Insulmax® insulation as an E.U rating of negligible resistance to the movement of water vapour and is highly resistant to absorbing liquid water. It will not absorb or wick water since during manufacture it is treated with an inert water repellent additive and so does not require the protection of building paper. It therefore functions and is able to manage wind driven rain at least as well as building paper pockets / segment insulation.
Below are images of external cladding removed, to show Insulmax® blown fibre insulation filling all the available space
How do you find all the cavities/timbers?
How do you know the wall is full?
In addition, as part of our quality assurance process, we fill a sample wall during each install of Insulmax®. After a confirmation check that the sample wall is completely filled we commence insulating the walls of your property.
We also use thermal imaging cameras as a final check to assure that no cold areas of wall have been left uninsulated.
As a final check, high resolution thermal imaging cameras are used to ensure that all areas of the wall have been correctly filled. Cold areas of walls that are not insulated are very clear to infra red technology and appear as a distinctive darker colour.
Can you insulate brick homes?
Due to the drafty 150mm deep cavity found in most brick homes, they are one of the thermally least efficient wall structures in New Zealand. Before we install, some of our customers struggled to keep more than one room of their home at an adequate temperature. Customers with brick homes experience the greatest improvement in their property as the 150mm drafty cavity is converted to a wall structure containing insulation with a thermal rating of R – 4.2. New build walls typically contain insulation with a rating of R – 2.2.
Left – Interior wallclining removed to show the 150mm cavity to the back face of the brick cladding.
Right – property with brick cladding removed to show timber framing
Will Insulmax® settle or shrink over time?
The installed density of Insulmax® is over 50% denser than most conventional segmented fiberglass insulation products which contributes to it’s stability and high thermal and acoustic insulation properties.
Insulmax® is not a water based foam injected insulation.
Should I insulate my walls?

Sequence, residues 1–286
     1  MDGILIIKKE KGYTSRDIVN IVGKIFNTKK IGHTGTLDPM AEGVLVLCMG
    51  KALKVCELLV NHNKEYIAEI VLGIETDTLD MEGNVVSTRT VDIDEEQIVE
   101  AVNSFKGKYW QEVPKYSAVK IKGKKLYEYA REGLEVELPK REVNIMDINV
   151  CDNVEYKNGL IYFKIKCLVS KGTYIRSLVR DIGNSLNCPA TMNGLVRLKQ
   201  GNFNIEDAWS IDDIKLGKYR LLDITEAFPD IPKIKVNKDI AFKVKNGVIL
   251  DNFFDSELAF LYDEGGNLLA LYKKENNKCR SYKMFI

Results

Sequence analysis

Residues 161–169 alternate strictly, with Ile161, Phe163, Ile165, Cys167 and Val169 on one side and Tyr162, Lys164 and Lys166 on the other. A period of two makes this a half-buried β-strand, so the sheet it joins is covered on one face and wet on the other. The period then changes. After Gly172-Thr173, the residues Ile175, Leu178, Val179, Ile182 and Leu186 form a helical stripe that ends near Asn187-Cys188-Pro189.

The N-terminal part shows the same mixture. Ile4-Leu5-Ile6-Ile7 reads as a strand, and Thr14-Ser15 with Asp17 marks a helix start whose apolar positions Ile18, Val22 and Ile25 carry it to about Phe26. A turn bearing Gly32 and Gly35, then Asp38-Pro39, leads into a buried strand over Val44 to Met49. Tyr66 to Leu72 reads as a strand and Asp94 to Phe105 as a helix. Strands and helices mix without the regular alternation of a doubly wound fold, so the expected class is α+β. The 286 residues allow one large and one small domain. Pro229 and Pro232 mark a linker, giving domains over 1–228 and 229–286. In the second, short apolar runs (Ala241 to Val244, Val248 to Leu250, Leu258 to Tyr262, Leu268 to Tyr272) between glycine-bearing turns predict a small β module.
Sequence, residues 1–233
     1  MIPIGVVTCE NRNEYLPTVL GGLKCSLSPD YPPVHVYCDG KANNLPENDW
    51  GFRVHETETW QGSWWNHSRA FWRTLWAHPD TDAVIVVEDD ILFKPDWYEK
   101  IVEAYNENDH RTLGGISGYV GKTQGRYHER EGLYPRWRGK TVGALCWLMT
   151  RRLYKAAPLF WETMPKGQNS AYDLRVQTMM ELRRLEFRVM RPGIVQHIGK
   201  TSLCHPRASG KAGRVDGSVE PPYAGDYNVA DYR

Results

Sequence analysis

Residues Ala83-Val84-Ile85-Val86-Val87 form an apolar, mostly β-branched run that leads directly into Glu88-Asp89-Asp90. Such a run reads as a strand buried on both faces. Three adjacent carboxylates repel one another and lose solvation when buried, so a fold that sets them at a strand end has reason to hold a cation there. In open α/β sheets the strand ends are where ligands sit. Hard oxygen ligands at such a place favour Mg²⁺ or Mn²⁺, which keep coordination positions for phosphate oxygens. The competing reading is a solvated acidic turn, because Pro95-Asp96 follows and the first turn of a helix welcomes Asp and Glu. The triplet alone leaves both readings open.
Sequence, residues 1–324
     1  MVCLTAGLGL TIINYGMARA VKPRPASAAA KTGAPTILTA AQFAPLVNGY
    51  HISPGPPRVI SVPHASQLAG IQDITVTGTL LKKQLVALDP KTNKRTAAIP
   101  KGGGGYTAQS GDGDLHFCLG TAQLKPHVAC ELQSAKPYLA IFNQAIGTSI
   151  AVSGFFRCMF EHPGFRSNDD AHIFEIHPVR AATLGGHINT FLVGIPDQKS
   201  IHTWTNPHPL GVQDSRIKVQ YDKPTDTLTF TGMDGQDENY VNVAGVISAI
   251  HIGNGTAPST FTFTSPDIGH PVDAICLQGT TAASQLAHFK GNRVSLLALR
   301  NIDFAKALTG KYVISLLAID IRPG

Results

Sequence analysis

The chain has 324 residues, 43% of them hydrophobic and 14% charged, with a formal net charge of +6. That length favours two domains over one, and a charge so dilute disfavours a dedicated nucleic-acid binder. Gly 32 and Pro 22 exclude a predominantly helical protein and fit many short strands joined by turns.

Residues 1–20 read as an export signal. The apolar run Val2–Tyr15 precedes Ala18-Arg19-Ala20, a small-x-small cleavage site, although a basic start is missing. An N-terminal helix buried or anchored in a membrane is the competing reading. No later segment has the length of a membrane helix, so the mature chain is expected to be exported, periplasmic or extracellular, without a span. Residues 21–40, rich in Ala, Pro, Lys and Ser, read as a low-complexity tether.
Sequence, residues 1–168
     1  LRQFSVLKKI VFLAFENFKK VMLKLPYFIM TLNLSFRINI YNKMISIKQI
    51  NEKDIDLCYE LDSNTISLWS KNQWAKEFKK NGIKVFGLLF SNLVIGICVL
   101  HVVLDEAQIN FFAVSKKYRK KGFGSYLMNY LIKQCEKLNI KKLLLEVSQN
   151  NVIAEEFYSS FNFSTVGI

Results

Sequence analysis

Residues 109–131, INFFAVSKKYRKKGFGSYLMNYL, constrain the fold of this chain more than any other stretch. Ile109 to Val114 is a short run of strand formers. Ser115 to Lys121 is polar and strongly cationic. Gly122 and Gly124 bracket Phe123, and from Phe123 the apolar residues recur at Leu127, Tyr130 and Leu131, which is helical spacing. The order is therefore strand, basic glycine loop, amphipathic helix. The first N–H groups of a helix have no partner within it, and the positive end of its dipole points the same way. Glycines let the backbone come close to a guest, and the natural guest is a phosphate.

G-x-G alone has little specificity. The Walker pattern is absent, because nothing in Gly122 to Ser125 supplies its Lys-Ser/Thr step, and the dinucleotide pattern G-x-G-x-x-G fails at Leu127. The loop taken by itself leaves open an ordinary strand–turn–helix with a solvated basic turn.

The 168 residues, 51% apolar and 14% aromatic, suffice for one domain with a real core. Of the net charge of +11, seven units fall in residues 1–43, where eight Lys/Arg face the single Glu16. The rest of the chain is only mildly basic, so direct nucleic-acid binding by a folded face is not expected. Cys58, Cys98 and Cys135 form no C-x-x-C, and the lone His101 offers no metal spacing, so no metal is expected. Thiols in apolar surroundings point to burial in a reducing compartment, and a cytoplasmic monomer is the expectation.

Why should I insulate my home?
Sun light and heating systems pump heat energy in to your home. The resulting temperature depends upon how much energy is pumped in and how much is lost.
Imagine trying to fill a leaky bucket with water. To get more water in the bucket you could open the tap more , or, you could find and repair the leaks. Insulation acts in the same way in your home and “plugs the heat loss holes”.
Heat leaks from your home by convection, conduction and radiation. Bulk insulation products such as Insulmax® act as a barrier to flowing heat allowing the heat to build up in your home. An increase in heat energy means higher temperatures and because less energy is being lost, your home is easier and cheaper to get up to a comfortable temperature. The increased temperatures also mean that your home will feel drier and the reduced relative humidity means that the development of mold is reduced or prevented.
How much heat is lost through the walls of my home?
A LOT – When you consider that an average home of 100 square meters has about 80 square metres of exterior walls, its no surprise that external walls lose a significant amount of heat. The large range of construction types and styles of home in New Zealand mean that it’s difficult to state an exact percentage of heat loss lost through walls. However, it’s typically it’s between 25% – 35%
Since the mid 80’s it’s been mandatory to build new homes with wall insulation, so the benefits have been recognised for many decades.
What difference will I notice after the walls are insulated?
The ability of your home to hold heat will be a lot higher. You’ll notice your home is generally warmer and after a warm day it will hold its heat longer into the evening. When you turn on heaters the temperature will rise faster and the heaters will turn off sooner. You’ll notice that your heatpump operates at a lower level to keep the same temperature. When you wake up in the morning your home will be warmer and you might be surprised when you step outside and realise how cold it is.